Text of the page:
Cradle to Cradle

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By: William McDonough

This is a manifesto for a radically different philosophy and practice of manufacture and environmentalism.  In other words, how to do more with less in order to minimize damage.
William McDonough and Michael Braungart argue in their provocative, visionary book, that our current approach perpetuates a one-way, "cradle to grave" manufacturing model that dates to the Industrial Revolution.  Furthermore, it casts off as much as 90 percent of the materials it uses as waste, much of it toxic.
"Why not challenge the notion that human industry must inevitably damage the natural world?" they ask. "In fact, why not take nature itself as our model?"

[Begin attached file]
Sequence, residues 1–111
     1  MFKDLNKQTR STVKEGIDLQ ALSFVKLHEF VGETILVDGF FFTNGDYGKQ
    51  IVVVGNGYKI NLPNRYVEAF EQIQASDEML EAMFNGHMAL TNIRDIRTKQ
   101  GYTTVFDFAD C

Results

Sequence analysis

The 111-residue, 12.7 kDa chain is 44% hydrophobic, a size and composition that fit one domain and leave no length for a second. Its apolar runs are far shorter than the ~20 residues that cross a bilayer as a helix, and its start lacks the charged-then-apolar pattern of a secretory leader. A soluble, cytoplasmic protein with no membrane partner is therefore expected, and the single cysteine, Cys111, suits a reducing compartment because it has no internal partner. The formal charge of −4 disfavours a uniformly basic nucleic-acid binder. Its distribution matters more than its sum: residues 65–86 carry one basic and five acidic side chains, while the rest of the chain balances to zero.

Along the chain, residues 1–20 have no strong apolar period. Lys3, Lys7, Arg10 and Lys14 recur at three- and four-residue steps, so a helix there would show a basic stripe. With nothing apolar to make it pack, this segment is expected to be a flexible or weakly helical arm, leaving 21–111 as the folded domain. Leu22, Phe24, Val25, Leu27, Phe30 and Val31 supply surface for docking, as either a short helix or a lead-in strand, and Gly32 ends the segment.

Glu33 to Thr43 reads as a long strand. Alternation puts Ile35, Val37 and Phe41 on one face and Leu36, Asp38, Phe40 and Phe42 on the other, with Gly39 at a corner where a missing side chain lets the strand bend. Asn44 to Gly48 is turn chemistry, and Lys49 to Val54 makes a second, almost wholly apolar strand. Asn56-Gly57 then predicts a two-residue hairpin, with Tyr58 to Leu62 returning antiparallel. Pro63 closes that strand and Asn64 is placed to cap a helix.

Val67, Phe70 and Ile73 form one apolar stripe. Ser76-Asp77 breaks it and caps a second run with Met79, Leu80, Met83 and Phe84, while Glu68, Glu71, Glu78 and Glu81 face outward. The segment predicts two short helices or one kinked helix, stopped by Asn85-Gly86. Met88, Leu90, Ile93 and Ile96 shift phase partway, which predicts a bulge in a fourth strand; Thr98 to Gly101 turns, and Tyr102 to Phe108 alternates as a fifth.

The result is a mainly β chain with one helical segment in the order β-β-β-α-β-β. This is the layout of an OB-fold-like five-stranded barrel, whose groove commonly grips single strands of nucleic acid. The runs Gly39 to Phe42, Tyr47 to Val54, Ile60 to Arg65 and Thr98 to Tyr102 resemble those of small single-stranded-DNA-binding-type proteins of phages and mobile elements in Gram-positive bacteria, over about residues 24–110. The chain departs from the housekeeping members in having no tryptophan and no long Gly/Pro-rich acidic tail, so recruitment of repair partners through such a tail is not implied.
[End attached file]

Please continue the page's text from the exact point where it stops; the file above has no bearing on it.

A tree produces thousands of blossoms in order to create another tree, yet we do not consider its abundance wasteful but safe, beautiful, and highly effective.  Hence, "waste equals food" is the first principle the book sets forth. Products might be designed so that, after their useful life, they provide nourishment for something new- either as:

  1. "Biological nutrients" that safely re-enter the environment, or
  2. "Technical nutrients" that circulate within closed-loop industrial cycles, without being "downcycled" into low-grade uses (as most "recyclables" now are)

Elaborating their principles from experience (re)designing everything from carpeting to corporate campuses, the authors make an exciting and viable case for change.

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